India Still Plans to Double Coal Output Despite Climate Deal Seating Chair

coal terminalThe statement comes after a landmark climate change deal in Paris with the approval of India, China and the U.S., after days of tough negotiations with the legally-binding pact seeking to limit global warming to “well below” 2 degrees Celsius.

Reuters reports that the deal, which will only come into effect in 2020 following a 55% vote in, marks the most important climate agreement since the 1997 Kyoto Protocol. It commits rich and poor nations to rein in rising carbon levels and seeks to eliminate net greenhouse gas emissions from human activity this century.

Minister for Power, Coal and Renewable Energy, Piyush Goyal, saidIndia’s contribution to global greenhouse gases emissions was just 2.5 percent with 17 percent of the world’s population, while developed countries contributed a fifth of emissions with just 5 percent of the world’s population.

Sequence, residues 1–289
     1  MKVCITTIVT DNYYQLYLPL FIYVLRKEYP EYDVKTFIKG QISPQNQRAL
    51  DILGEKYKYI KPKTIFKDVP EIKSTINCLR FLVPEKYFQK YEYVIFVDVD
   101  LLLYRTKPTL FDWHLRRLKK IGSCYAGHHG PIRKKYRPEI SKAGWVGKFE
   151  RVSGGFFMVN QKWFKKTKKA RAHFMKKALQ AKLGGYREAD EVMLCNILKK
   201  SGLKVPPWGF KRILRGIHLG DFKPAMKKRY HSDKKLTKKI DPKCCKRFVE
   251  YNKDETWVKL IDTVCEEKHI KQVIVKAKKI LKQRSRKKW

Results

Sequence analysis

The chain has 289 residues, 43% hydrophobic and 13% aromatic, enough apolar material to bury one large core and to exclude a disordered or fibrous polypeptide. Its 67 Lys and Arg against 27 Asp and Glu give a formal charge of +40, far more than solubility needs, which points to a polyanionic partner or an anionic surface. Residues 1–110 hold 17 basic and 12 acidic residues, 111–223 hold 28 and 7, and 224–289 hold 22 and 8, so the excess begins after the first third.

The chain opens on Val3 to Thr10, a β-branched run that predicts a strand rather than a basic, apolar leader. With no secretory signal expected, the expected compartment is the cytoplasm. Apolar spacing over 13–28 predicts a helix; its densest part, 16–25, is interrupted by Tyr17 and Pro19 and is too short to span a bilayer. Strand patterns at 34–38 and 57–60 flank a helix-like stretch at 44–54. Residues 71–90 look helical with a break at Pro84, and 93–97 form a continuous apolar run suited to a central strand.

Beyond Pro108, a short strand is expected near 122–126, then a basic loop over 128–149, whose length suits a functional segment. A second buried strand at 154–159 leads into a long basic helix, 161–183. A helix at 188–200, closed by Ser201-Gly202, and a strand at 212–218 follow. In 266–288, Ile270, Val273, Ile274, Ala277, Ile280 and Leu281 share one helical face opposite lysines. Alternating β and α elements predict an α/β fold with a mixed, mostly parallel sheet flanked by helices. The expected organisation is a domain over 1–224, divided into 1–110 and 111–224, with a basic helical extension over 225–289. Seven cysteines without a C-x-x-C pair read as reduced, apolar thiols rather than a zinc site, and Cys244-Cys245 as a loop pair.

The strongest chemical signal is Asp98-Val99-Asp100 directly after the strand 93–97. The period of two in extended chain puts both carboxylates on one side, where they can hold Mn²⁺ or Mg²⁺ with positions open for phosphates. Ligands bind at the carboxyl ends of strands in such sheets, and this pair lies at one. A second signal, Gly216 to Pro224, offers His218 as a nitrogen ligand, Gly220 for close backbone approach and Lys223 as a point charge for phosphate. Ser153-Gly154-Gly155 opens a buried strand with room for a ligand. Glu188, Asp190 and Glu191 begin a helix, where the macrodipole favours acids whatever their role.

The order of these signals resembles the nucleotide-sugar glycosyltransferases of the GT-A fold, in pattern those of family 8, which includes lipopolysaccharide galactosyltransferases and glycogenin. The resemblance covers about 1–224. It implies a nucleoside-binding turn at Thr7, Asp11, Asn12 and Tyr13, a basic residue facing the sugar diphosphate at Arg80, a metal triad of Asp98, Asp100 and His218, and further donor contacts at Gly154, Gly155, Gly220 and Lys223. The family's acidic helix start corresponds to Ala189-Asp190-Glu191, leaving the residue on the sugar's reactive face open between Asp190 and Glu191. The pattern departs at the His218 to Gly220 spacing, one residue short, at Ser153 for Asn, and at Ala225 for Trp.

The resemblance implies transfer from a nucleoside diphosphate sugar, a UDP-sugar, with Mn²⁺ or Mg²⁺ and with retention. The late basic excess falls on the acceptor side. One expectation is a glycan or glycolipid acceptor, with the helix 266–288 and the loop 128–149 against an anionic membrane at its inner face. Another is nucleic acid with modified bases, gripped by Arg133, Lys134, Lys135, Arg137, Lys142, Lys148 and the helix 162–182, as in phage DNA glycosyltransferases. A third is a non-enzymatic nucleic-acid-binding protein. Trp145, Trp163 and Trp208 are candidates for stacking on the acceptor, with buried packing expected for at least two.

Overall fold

According to Thiemo Lang, portfolio manager of Zurich-based RobecoSAM, which owns shares in solar stocks: “This deal will help boost the mid- to long-term fundamentals in renewable energy generation, especially solar, while making any further investments in fossil-fuels increasingly vulnerable”.

Stocks in renewable energy companies rose on Monday, the first day of trading after world leaders agreed to a major climate change agreement.

Even though many global lenders are turning their backs on financing new coal projects in favour of gas and renewable energy, India should have few difficulties in financing dozens more new mines.

Fossil fuel companies, meanwhile, saw their prices tumble: Coal giant Peabody Energy Corp. fell by 12.6 percent, while Consol Energy Inc. dropped by 3.3 percent.

Along with the wind turbine makers, Goldman Sachs’ other top picks for stocks that would benefit from the Paris climate deal included electric vehicle company Tesla Motors, solar panel group SolarEdge and Albemarle, a chemicals company that supplies lithium – a key component for batteries.

He also criticised what he called “mob rule” by a cabal of world governments and protesters at the Paris climate summit, which he said posed a threat to democracy itself. “You need to give time to wait for the dust to settle, and 2020 is still a long way out”.

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